Sandwiched between St. Charles Avenue and the Mississippi River, is the lush urban oasis- Audubon Park. Named after naturalist John James Audubon, the park is used for outdoor recreation of all kinds. Purchased by the city in 1871, the site has played host to several notable historical events and has undergone numerous changes.

The site of Audubon Park today was once a twelve and one-half arpent plantation bought and owned by Pierre Foucher. Foucher abandoned his plantation before the Civil War and fled to France, never returning to Louisiana. The abandoned plantation was used by both the Confederate and Union sides during the war. It was used as a campground for Confederate troops and as a site for a Union military hospital that existed for five years. For almost a decade following, the eye sore of a plot was sold back and forth between wealthy citizens, legislators, and park commission boards. The city of New Orleans purchased the park in 1871. Originally dubbed Upper City Park, a commission was established in 1879 to maintain the land, however the only financial assistance given for operating a park on the site came in the form of revenue from leasing the grounds for grazing. [1]

The early history of the park’s development begins with the site being chose for the World’s Industrial and Cotton Centennial Exposition of 1884-85. To learn more about the exposition see visit our other tour “Audubon Park: Site of the 1884 Cotton Centennial Exposition.”

Following the exposition, New Orleans City Council created a new park commission to operate the park in May 1886. In 1900 John Charles Olmsted was hired as the park’s designer. His master plan took twenty years to implement, mainly due to a lack of funds. Plans were further delayed and altered by the board’s decisions to lease the park’s riverfront to the Corps of Engineers, and allow the constructing of railroad tracks along the river and the operation of a sugar experimentation station. [1, 2] Much of the original Olmsted design was compromised to evolve the neighborhood park into a place where “people from varied backgrounds wanted to come for recreational pursuits.” Such compromises included the addition of various structures for active recreation such as swimming, tennis, and softball. Most of these were financed by private donors as memorials. Numerous memorials erected during this time (1916-1920s) still stand in the park today. These include Moise Goldstein’s neoclassical St. Charles Avenue entrance, the numerous gazebos, Emile Weil’s Newman Band Stand, the Gumbel Fountain, the Hyams wading pool, and the Popp floral gardens. [3]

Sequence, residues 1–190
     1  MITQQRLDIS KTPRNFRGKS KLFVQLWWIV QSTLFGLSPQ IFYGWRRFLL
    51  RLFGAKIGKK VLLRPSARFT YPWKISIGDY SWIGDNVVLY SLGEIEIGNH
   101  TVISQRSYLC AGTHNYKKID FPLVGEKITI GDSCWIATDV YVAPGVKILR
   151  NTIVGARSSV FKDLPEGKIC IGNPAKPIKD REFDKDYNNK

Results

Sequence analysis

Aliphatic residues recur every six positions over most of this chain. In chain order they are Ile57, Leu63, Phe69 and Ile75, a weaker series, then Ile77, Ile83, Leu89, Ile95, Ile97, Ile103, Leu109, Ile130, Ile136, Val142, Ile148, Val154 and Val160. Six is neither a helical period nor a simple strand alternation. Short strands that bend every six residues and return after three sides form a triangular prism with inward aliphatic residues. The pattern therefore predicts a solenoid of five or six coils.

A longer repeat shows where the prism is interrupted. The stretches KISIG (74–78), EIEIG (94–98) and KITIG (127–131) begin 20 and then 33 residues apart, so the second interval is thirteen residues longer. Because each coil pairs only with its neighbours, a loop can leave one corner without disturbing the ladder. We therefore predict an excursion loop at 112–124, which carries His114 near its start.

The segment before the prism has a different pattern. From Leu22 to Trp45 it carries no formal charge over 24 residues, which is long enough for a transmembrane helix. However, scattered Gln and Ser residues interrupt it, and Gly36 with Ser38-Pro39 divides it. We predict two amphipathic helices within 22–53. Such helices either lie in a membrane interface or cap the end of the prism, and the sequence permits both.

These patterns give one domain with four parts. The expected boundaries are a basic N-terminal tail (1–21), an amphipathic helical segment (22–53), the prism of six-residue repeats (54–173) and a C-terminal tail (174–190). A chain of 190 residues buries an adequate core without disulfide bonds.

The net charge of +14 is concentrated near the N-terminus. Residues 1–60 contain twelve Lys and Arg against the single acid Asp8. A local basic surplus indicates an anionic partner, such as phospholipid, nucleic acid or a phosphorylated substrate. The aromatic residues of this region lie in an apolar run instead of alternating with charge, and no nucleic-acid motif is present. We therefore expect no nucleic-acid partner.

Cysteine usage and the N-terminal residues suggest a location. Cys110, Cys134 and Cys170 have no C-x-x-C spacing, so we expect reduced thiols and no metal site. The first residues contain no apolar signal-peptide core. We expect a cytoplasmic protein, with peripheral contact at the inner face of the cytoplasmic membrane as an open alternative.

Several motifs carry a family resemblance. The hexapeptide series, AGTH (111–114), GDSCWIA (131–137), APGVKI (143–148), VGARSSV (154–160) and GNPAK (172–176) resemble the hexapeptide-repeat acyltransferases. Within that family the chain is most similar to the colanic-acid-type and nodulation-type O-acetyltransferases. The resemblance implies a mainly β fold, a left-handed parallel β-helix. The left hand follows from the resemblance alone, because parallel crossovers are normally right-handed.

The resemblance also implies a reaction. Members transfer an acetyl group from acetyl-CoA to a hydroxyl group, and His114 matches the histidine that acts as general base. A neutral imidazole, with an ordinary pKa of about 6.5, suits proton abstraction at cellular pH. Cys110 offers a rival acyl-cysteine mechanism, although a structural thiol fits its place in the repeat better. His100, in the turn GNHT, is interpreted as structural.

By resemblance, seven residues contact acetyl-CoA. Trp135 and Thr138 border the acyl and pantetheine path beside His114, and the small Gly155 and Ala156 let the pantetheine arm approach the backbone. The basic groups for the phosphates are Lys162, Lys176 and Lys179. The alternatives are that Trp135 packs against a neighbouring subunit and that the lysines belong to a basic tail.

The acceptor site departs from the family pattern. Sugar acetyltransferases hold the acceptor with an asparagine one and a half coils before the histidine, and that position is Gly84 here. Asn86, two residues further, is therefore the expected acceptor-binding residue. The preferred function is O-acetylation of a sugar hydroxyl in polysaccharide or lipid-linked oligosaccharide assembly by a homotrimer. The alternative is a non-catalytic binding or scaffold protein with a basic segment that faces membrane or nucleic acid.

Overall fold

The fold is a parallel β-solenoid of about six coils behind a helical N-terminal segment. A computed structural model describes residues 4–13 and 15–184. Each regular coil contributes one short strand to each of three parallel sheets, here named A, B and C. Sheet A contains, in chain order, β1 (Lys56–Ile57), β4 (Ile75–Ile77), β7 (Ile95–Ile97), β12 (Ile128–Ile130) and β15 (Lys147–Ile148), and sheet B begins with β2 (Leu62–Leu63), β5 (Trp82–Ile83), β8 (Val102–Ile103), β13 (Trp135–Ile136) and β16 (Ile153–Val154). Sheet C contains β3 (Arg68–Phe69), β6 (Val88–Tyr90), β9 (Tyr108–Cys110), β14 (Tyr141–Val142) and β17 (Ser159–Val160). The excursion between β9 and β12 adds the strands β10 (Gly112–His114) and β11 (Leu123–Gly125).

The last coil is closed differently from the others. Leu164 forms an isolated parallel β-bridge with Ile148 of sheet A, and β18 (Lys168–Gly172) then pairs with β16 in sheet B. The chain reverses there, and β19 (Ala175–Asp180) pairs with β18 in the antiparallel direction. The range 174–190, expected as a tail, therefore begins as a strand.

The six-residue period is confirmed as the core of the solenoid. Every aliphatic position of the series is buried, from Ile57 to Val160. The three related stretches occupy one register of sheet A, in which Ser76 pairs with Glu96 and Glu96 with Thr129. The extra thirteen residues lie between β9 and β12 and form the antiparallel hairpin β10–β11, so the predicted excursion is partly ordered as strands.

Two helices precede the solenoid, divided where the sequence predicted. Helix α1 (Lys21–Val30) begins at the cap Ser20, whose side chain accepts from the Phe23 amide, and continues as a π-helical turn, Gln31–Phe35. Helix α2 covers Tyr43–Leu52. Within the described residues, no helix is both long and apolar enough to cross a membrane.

In the year 1924, the park’s visitors numbered over a million each year. New Orleans native Mary Lou Widmer recalled her childhood outings to the park during the depression years:

“A day was set aside, the family was collected, and the long ride began. Our old car wove in and out of those unfamiliar uptown streets, loaded with kids, a picnic lunch and our cooler full of root beer…What a pool Audubon Park had! […] The bathhouse was a wonder in itself. I remember the endless row of lockers, the changing booths, and the huge, mirrored room with hairdryers in the wall. I loved the various facilities. I enjoyed changing my clothes in a private booth, wearing my jingling locker key pinned to the belt of my bathing suit, and running through the hallway of shower jets that sprayed me just before entering the revolving door-way to the pool. These were all spiffy new things we did not have at the City Park pool.” [1]

Today, the park continues to thrive, as it has for over a century, as a mecca for outdoor recreation of every kind. People continue to visit the Park to take full advantage of “the alleys of ancient live oaks, the tranquil 1.8 mile jogging path, the lagoon, picnic shelters, playgrounds, tennis courts, and soccer fields.” [4] The park has been the site of numerous cancer walks, charity events, golf tournaments, and various fundraisers. [5]

Images

Map

St. Charles Avenue, between Walnut and Calhoun Streets